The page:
Ecuador votes to leave some of its hydrocarbons in the ground

On 20 August 2023, Ecuadorians were asked in a referendum whether they agreed with the government keeping the oil in the project known as Block 43, indefinitely underground. The majority voted in favour. In this post, we explore the background to the referendum and its implications.

The long road to the referendum

Block 43 is located in Ishpingo, Tambococha and Tiputini, areas inside the Yasuní National Park, in Orellana Province. In 2013, the environmental collective Yasunidos raised the possibility of leaving oil in the Yasuní National Park underground and received strong national support.

Yasunidos collected signatures of citizens to promote the referendum – one of the first examples of a referendum being proposed without the support of any governmental entity.

The collective had to present at least 583,000 signatures (i.e. 5% of the national electorate at the time). They presented 756,000 signatures. However, the National Electoral Council dismissed at least 400,000 signatures within 14 days of analysis, which was seen by Yasunidos as an arbitrary decision.

By these means, the government of former President Rafael Correa blocked the referendum and gave way to intervention in the area, which led to establishing production facilities. Since then, Petroecuador, the State Oil Company, has been in charge of the operation: no private entity has ever been granted any right to exploit the oil in the area.

Between 2014 and 2019, there were a series of additional judgments and acknowledgments that did not allow the process to go forward. A first appeal ruling in the Contentious Electoral Court was issued against Yasunidos. In 2018, an internal audit at the National Electoral Council recognised irregularities in the process and requested that the process return to the National Electoral Council. However, both the National Electoral Council and the Contentious Electoral Court again denied the process, arguing that Yasunidos did not have the appropriate recognition as a collective.

In 2019, once Yasunidos had been recognised as a collective and had active legitimacy, the consultation was again denied by arguing that the process was closed in 2014.

Having presented more than a dozen judicial processes and continued promoting the referendum without success for so many years, Yasunidos filed a constitutional claim (“acción extraordinaria de protección”) that was resolved on November 2021. The Constitutional Court held that there had been a violation of the right to due process and ordered that a new composition of the Contentious Electoral Tribunal be designated, to resolve the appeal filed by the plaintiffs.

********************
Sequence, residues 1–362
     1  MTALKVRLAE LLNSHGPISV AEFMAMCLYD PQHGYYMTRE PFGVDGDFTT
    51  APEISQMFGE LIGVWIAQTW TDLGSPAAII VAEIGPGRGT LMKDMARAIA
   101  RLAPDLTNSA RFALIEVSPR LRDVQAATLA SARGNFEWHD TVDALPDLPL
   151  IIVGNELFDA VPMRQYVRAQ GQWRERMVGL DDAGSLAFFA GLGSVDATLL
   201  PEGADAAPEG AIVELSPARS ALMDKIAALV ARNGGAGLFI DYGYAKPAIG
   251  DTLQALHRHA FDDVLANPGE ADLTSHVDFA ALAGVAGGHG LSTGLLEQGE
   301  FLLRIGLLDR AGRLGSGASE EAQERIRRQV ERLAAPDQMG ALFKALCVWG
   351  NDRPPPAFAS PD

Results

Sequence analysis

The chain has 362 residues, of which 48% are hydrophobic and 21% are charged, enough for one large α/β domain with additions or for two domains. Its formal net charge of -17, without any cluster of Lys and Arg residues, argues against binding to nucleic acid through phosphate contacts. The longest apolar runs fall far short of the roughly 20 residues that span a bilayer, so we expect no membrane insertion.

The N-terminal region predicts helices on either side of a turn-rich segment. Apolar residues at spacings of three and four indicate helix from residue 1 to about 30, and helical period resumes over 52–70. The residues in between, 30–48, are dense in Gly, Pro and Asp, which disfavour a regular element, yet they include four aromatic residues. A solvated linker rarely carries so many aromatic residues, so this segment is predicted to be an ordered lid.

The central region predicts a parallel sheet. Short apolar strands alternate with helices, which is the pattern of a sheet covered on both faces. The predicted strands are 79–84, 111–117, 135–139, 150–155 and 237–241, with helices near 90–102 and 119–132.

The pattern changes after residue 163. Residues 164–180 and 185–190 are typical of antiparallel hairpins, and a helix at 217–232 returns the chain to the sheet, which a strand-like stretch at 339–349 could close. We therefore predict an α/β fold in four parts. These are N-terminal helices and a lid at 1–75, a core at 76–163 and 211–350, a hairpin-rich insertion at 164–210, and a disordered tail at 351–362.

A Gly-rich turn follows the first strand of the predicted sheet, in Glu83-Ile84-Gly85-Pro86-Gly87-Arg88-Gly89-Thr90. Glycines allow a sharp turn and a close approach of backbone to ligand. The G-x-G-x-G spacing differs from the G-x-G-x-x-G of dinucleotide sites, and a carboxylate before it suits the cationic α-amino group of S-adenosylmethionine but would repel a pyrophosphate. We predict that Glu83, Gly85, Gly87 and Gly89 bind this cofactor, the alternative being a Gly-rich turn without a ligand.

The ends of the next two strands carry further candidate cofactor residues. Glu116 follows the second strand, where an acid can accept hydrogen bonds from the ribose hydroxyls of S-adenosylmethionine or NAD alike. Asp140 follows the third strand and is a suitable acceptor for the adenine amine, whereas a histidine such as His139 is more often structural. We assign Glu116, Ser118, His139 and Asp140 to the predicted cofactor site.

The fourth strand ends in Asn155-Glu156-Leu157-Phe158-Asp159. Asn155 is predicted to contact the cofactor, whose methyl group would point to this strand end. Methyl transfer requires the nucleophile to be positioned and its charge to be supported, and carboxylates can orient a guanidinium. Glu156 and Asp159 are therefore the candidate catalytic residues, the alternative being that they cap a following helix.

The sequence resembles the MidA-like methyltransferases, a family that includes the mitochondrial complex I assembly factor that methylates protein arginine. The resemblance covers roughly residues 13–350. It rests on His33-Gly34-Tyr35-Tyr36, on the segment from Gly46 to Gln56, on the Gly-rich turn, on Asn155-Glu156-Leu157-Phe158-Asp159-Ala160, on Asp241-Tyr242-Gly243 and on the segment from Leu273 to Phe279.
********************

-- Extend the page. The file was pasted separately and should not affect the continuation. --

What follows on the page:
On 6 September 2022, the Contentious Electoral Tribunal required the National Electoral Council to:

• attend to the request presented by the citizen Pedro Bermeo Guarderas on behalf of the Yasunidos Collective within 15 days from the execution of the judgment;
• grant the certificate of democratic legitimacy to Yasunidos; and
• submit to the Constitutional Court of Ecuador and hold a referendum on the question proposed by the group..

The result

The official results displayed by the National Electoral Council reveal that, nationally, 58.95% voted in favour of keeping the Block 43 oil indefinitely underground, with 41.05% voting against it.

However, in provinces like Orellana and Sucumbíos, where the operation of Block 43 takes place, the outcome of the referendum was in favour of continuing the exploitation of the oil field.

What are the legal consequences of the referendum?

The referendum becomes a direct instruction to the government to cease operations in the area. No legislative steps are required to give effect to it. Petroecuador must start actions to present the plan to close operations in Block 43 immediately.

All construction, equipment, surface assets etc will have to be removed and Petroecuador must present a decommissioning plan immediately. The process for this remains to be determined. Petroecuador must update the plan to close operations and present it before the Ministry of Environment to coordinate actions.

Petroecuador must coordinate the removal of the infrastructure, the dismantling of pipes and the termination of contracts with workers and sub-contractors. Assets located in Block 43 will return to the state earlier than expected. The government estimates that this would cost the state around US$600 million.